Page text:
Homework Assignments: 22C:178 & 055:134
Computer Communications Spring 1998
Here are a few more commands that may give interesting
results. Can you explain the results of the following commands?
As you may have seen from trying ping with
certain non-existing addresses, it is necessary to
use control-c to stop the program. This is because
ping does not quickly abandon its task.
Suppose ping were rewritten to automatically
quit if it did not get a response within ten seconds.
Then we would say ping has a ten second timeout .
Timeouts are necessary in many network applications.
To learn how timeouts work, copy the
program to your directory and compile it (with the
command gcc -o sigtime sigtime.c). When
you run sigtime, you can either wait for thirty
seconds and the program will quit, or give it some keyboard
input. Each time you give the program input, the timeout
timer is reset.
- nslookup www.lycos.com
- traceroute www.lycos.com
- ping www.lycos.com
- Download this
and name it reping in your directory. Then
enter the command sh reping. Why does the
output change sometimes and not change other times?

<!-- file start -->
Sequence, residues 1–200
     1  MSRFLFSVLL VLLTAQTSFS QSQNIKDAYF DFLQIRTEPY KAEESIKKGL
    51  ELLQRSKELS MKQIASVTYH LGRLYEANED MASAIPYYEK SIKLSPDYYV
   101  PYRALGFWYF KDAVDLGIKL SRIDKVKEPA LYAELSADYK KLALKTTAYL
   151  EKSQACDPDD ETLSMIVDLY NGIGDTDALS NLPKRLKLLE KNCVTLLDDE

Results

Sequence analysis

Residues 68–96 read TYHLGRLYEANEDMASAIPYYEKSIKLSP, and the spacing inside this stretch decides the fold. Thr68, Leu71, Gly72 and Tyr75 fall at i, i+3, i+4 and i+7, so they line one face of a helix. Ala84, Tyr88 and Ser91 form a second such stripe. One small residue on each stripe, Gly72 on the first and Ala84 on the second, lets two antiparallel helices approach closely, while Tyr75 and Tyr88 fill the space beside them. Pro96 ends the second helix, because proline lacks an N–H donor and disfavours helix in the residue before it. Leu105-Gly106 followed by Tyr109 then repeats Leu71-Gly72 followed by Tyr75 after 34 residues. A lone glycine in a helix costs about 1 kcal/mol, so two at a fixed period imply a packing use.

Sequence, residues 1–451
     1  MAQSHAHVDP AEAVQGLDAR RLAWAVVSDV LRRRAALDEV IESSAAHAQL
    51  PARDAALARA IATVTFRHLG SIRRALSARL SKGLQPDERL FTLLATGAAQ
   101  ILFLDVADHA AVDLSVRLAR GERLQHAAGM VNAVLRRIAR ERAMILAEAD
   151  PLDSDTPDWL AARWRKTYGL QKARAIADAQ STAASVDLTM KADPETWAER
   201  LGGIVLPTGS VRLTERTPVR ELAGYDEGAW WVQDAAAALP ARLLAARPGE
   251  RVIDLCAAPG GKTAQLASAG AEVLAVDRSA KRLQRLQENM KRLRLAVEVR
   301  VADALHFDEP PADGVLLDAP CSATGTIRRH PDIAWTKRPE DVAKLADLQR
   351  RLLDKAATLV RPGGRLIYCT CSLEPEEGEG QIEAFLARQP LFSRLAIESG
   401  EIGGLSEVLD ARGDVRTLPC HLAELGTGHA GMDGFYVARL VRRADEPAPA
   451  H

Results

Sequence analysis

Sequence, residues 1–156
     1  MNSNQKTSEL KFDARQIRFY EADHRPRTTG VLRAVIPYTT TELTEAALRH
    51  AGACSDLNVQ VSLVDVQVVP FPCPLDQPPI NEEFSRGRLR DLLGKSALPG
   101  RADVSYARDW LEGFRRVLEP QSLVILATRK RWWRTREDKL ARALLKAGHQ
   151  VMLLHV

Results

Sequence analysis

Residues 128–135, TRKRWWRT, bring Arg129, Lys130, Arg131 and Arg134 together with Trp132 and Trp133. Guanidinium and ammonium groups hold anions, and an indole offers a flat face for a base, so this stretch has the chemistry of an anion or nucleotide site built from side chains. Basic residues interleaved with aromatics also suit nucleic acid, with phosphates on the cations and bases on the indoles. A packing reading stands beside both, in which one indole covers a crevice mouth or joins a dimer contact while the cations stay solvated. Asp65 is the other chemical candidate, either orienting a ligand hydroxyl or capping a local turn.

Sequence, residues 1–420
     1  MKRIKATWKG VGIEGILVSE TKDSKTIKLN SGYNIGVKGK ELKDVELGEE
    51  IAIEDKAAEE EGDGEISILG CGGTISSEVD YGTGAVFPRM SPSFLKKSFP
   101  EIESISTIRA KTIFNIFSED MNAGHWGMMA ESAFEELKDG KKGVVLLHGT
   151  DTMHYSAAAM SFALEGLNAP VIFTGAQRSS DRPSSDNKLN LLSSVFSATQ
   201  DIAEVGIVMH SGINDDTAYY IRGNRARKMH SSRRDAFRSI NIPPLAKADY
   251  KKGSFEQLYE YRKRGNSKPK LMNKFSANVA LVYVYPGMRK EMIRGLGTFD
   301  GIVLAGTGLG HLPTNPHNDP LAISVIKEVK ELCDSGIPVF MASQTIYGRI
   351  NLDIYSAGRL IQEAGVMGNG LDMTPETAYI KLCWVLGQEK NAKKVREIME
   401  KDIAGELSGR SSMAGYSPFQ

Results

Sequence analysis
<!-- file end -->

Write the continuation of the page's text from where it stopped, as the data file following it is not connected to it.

- Chapter 6 ends with an illustration of how to
use nslookup to find other name servers.
Use nslookup to find authoritative nameservers
for the purdue.edu domain.
- How many hosts are currently defined in the
cis.ksu.edu domain? This question can be
answered using the nslookup command in the
interactive mode (but it's not straightforward).
After you have experimented with the
program, use man signal, man alarm,
and man sigaction to learn about Unix signals.
Then edit the program and comment out the doSigSet()
call in the main program, recompile and test it --
this shows what happens when an alarm signal occurs but
a program has not prepared for such a signal.
For those of you with advanced Unix experience, you
might try starting another window, use ps to find
the process running sigtime, and observe that
you can force timeouts ahead of the actual
wait time using the kill command to manually
send an ALRM signal to the process.